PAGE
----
Imperial College London


Faculty of EngineeringDepartment of Materials

Research Postgraduate







ACE ExtensionSouth Kensington Campus





Surfactant systems are universally present in modern day life. They are involved in many global industrial sectors including in the formulation of personal care products and detergents. Understanding their phase behaviour is central to engineering and formulating final products that are highly efficient, economically viable, environmentally stable, and meet customer satisfaction. 

  • NaLAS surfactant - the most widely used surfactant globally - as a model system as it is the prime surfactant involved for its detergency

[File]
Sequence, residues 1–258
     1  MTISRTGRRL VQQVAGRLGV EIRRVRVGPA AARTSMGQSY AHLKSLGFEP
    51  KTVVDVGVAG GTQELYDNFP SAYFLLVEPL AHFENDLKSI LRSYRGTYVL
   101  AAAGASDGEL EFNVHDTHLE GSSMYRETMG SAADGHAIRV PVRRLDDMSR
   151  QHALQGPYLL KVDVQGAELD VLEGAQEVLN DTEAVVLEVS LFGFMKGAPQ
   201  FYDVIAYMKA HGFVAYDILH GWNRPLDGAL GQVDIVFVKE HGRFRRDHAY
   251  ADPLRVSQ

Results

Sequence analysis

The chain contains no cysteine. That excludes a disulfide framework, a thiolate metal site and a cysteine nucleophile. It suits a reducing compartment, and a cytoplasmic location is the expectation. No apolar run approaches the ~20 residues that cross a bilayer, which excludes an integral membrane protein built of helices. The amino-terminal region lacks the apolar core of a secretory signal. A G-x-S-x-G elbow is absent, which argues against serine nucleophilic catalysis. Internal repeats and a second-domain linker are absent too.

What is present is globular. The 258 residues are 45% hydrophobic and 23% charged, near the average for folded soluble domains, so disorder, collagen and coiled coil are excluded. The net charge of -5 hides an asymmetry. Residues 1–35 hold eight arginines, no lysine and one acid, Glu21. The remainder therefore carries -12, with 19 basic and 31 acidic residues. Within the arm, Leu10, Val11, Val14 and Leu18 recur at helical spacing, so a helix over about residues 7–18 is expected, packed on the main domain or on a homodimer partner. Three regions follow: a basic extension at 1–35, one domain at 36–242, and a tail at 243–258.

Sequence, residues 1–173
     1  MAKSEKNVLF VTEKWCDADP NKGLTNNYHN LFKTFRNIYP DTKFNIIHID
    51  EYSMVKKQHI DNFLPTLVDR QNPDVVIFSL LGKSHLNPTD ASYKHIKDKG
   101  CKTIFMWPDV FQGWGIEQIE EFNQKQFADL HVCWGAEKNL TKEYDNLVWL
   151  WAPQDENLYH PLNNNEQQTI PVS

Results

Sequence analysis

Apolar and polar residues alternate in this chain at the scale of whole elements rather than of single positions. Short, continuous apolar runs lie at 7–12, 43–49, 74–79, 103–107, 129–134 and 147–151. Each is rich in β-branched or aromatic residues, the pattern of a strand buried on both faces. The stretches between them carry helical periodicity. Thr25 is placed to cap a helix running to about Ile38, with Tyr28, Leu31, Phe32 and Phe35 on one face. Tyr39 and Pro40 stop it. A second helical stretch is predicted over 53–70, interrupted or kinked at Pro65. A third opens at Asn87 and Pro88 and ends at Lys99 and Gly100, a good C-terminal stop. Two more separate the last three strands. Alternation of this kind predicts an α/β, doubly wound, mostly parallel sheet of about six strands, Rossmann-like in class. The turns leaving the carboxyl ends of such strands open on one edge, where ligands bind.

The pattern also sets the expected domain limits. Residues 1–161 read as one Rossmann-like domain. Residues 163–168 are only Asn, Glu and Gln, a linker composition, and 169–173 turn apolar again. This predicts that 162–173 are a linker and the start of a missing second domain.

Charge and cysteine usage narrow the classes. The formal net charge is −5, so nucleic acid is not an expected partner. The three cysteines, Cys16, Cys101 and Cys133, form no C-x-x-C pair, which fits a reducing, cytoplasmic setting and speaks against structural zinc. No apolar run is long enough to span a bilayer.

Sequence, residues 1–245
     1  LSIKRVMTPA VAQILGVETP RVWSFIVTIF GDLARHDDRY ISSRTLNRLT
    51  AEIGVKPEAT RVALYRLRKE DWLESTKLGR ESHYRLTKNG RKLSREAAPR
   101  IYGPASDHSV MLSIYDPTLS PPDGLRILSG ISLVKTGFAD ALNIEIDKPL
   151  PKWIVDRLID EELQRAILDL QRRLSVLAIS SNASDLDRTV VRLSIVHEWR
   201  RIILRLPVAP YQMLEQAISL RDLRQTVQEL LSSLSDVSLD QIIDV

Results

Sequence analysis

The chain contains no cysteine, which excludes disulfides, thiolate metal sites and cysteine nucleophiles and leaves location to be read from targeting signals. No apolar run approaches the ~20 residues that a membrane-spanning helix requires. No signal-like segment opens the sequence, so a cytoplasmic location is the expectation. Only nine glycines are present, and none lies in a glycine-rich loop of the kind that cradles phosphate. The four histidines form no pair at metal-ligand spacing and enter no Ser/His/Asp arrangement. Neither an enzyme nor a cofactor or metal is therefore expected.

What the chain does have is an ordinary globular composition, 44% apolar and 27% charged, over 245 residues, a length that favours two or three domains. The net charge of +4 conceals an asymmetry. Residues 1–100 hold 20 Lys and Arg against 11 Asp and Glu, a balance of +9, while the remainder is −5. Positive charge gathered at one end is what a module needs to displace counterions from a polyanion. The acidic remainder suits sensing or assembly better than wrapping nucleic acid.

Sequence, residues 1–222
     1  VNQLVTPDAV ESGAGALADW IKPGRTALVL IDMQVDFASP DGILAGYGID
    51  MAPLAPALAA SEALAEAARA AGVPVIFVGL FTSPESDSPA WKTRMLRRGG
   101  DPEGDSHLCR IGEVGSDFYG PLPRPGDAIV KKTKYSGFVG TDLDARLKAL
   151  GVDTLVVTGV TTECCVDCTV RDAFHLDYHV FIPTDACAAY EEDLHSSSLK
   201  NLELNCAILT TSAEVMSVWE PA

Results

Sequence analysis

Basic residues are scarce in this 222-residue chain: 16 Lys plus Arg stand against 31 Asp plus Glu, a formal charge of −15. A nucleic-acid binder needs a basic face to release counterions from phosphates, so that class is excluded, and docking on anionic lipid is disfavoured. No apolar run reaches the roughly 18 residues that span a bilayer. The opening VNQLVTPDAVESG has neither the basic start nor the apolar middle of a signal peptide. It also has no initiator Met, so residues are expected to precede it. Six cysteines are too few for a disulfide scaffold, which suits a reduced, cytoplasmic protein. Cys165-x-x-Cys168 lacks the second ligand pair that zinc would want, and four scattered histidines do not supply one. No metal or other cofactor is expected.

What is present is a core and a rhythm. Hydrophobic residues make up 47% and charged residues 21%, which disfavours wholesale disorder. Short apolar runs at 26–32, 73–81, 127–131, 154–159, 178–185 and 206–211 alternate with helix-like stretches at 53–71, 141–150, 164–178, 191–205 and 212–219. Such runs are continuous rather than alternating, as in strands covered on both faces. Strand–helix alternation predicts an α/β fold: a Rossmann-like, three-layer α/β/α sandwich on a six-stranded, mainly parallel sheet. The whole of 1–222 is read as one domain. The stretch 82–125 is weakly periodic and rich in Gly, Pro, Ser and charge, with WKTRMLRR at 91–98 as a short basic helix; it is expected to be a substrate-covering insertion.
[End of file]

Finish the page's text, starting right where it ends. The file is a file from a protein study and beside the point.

• A model mixed surfactant system of NaLAS and AE1S surfactants - commonly used in laundry detergents

Perfume is an integral component of many home and personal care goods and are central to a customer’s satisfaction. Typically, in such formulations most of the perfume is lost and never utilised. In the case of laundry detergents, the perfume is held within a surfactant system that is washed away during rinse cycles without ever being deposited on fabric. This has driven an interest to design and improve compositions where the impact of the perfume is prolonged and its usage economised especially as it is one of the most expensive pars of the formulation. In this project, we will examine a polymer perfume delivery system comprised of perfume, a hydrophobically modified OSA starch polymer, and a HASE polymer. We will see how the dissolution kinetics of the perfume delivery system is affected by polymer and surfactant concentration.